The Greatest Jam on Earth

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Bread and Jam for Frances is part of a great children's book series, but I love it because my daughters and I always loved bread and jam for snacks. Unlike Frances, my kids were adventurous eaters, but for study snacks on Saturday and Sunday the order of the day was bread and jam—plus a little fruit here and there. We would sometimes repeat the great Frances songs about the pleasures of bread and jam.

I got to really love jams when I was a student in Oxford. All those wonderful British jams, especially damson jam. I have to say I've been sorely disappointed trying to get good jams at farmers' markets around D.C. So when I went on vacation at a house with a raspberry patch in the back, I decided to see if I could make great jam.

I found the perfect raspberry jam recipe at food.com. Best of all, it requires only two ingredients: fruit and sugar. No pectin. You can vary the sugar to get more tartness. The jam is very fruity—you can really get the berry flavor.

1. Take three cups of raspberries. Place in large pot and mash and mash and mash. (This is a great job for kids.) Be sure the pot is much larger than the quantity of berries: a six-quart pot is perfect.

2. At the same time, place a large pot of water on to boil for sterilizing jam jars.

3. Heat the raspberry mash on the stove, stirring all the while. When the mash boils, let it boil for two minutes while stirring.

4. Add two cups of sugar. (If you like it more sweet, then add a total of three cups of sugar, but no more.)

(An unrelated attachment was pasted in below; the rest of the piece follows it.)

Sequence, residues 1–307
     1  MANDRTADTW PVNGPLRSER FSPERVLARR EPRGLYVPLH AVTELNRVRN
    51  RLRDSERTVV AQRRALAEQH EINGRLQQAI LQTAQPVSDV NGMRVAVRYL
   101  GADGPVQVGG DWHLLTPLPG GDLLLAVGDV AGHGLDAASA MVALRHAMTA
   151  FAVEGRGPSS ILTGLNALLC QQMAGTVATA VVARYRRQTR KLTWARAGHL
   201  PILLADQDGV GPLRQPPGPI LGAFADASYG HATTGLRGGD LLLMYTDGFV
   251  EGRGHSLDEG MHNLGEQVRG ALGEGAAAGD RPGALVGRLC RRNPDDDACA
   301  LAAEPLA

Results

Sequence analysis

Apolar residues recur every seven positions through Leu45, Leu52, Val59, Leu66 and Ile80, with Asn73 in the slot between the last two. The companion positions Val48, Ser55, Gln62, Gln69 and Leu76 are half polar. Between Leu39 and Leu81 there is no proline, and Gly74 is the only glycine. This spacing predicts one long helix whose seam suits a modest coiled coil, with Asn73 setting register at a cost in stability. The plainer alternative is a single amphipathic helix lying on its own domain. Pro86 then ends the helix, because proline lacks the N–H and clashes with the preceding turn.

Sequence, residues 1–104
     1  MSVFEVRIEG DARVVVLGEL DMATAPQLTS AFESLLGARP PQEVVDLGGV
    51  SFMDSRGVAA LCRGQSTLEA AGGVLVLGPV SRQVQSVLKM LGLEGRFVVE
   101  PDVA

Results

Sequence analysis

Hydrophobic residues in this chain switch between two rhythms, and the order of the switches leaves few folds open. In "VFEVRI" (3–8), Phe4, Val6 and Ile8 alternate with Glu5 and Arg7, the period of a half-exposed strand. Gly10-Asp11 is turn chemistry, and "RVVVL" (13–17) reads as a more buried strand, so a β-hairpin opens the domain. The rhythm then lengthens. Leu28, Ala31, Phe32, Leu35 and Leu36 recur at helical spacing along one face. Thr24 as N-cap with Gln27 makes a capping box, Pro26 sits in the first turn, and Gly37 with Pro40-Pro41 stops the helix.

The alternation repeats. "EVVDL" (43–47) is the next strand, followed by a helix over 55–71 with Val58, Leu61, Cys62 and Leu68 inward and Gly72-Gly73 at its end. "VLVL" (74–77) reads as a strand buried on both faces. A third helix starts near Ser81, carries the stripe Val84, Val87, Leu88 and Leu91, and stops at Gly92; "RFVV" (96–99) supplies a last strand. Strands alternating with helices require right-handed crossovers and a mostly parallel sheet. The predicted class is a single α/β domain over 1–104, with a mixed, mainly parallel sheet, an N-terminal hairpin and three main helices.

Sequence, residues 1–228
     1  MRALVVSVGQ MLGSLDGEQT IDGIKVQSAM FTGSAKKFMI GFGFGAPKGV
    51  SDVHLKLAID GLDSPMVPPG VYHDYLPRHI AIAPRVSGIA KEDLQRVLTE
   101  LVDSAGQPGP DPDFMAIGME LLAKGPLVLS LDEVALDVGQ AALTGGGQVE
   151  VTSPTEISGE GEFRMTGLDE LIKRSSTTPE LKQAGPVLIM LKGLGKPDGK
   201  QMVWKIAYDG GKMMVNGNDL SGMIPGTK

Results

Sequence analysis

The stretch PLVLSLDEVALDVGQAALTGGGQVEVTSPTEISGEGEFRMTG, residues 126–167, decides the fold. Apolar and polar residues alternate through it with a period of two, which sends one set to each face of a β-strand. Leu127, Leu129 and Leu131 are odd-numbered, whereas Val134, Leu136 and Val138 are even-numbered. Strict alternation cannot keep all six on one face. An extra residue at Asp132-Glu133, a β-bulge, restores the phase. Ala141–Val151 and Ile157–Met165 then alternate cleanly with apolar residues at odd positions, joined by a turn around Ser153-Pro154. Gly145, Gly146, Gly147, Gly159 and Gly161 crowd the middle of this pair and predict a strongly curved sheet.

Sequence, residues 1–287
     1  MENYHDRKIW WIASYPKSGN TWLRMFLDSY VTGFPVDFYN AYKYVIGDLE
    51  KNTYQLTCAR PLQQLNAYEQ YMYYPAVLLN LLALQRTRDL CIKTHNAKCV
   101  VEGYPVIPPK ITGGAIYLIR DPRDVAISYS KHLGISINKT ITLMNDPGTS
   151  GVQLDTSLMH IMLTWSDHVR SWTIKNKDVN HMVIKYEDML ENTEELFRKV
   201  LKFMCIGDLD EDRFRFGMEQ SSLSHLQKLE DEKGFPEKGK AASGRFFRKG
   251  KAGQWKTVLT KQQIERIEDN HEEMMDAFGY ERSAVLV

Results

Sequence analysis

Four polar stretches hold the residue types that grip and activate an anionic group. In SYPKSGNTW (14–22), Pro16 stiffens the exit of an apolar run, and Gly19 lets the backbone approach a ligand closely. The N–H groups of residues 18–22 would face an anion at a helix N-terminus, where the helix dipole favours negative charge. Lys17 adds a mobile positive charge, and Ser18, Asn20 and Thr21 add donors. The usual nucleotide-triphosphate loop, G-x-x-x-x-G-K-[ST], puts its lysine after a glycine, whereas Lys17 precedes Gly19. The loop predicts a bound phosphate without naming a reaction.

5. Bring to boil again, stirring all the time. Boil for two minutes.


MORE ON PRESERVING:
Corby Kummer: Citron Jam
Hank Shaw: Pickled Onions
Eleanor Barkhorn: Peach Jam

6. Remove from stove and mix with electric hand mixer for four minutes.

7. Pour into sterilized jars and close promptly. Let cool and place in the refrigerator.

One last point about jam. A lot of people worry about botulism, because you are creating your own fruit preserve. Forget it. Botulism requires an alkaline environment. The acidity of berry jams and the sugar level are not conducive to the growth of Clostridium botulinum. Botulism is a worry with preserved alkaline vegetables such as green beans—not berry jams. Sterilizing jars is to kill mold spores, not C. botulinum. Don't worry about killing yourself with your jam.

So make this great, fruity jam and sing along with one of Frances's ditties.

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Presented by

Ezekiel J. Emanuel

Ezekiel Emanuel is director of the Clinical Bioethics Department at the U.S. National Institutes of Health and heads the Department of Medical Ethics & Health Policy at the University of Pennsylvania.

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